March is actually a pretty good month. February on average is the third-worst-performing month for the S&P 500 going back to 1945, as Sam Stovall, chief investment strategist at CFRA, mentioned on CNBC. Since that year, the S&P 500 Index has been up 66% of the time in March. Paul Hickey, the co-founder of Bespoke Investment Group, told CNBC that, since 1983, the S&P 500 has posted an average gain of 1.46% in March. During the current bull market, the index has performed even better in that month, with an average gain of 2.95%, he notes. Looking at 90 years of market history, from 1928 through 2017, the S&P 500 was up 61% of the time in March, according to Yardeni Research, Inc. When March showed a gain, the average advance was 3.6%. When it incurred a loss, the average decline was 3.4%. Overall, March posted an average gain of 0.6% during those 90 years.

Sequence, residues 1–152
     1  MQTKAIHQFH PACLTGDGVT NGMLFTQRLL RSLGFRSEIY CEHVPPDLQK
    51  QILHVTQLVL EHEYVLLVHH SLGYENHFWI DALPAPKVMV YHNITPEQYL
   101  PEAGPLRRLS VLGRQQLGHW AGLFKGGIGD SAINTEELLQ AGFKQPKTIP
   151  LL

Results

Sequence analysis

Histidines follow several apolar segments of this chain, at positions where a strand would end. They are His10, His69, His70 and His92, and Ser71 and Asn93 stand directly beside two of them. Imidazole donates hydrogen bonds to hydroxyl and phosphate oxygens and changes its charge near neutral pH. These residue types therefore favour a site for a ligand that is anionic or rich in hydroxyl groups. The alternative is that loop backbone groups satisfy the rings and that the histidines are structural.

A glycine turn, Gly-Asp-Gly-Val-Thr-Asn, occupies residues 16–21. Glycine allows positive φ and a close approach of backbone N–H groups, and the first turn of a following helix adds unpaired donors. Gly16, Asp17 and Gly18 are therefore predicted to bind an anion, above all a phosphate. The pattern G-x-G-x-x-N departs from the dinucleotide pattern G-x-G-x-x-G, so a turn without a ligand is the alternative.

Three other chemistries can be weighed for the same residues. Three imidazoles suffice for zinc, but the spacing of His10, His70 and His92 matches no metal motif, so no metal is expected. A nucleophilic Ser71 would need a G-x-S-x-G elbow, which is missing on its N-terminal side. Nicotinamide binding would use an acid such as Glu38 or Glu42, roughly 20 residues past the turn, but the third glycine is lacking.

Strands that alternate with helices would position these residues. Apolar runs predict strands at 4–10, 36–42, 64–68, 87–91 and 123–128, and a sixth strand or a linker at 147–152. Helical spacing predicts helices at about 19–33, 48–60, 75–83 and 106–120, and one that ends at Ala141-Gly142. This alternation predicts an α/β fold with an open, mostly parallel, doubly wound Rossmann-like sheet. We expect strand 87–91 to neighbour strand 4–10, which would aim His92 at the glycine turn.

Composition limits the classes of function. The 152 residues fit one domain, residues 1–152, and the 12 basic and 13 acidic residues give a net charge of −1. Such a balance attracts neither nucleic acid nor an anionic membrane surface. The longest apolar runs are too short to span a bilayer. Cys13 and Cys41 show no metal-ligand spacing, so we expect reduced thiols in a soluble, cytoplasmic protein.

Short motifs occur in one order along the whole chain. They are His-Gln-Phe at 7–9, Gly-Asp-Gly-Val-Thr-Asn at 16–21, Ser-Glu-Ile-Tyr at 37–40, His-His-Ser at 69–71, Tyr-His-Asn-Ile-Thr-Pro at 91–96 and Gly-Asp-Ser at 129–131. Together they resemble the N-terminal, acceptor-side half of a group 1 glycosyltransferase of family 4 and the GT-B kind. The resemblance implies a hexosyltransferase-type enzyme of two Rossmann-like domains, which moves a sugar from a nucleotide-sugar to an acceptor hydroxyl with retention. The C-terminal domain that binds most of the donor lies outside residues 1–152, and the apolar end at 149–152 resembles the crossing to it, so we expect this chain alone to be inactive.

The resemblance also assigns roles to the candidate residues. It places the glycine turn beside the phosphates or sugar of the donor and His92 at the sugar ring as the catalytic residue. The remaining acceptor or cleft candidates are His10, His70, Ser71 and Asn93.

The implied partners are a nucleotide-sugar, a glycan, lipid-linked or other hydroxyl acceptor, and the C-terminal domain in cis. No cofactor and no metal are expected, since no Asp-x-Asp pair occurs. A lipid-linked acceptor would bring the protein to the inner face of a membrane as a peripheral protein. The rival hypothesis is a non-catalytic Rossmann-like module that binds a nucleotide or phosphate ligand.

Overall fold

This year, the S&P 500 rose by 5.6% in January and fell by 3.9% in February, for a year-to-date gain of 1.5%. Hickey tells CNBC that, when we’ve had an up January and a down February, there was an average decline of 0.81% in March. But his sample size is small, with just five years out of the last 35 following this pattern. Nonetheless, Hickey is optimistic that the market may rise this March. “Coming into the year, sentiment was really strong. In January, it got even stronger. The pullback in February was a sort of reality check, and that brought people’s expectations back to reality. That’s helpful,” he told CNBC.
In the graph below, as they have over the past few years’ tech stocks are basically the only bright spot in the equity universe for the first quarter. Interest rate sensitive sectors like bonds and real estate are suffering from higher interest rates. Energy stocks are being hurt by excessive crude oil inventories and a higher dollar.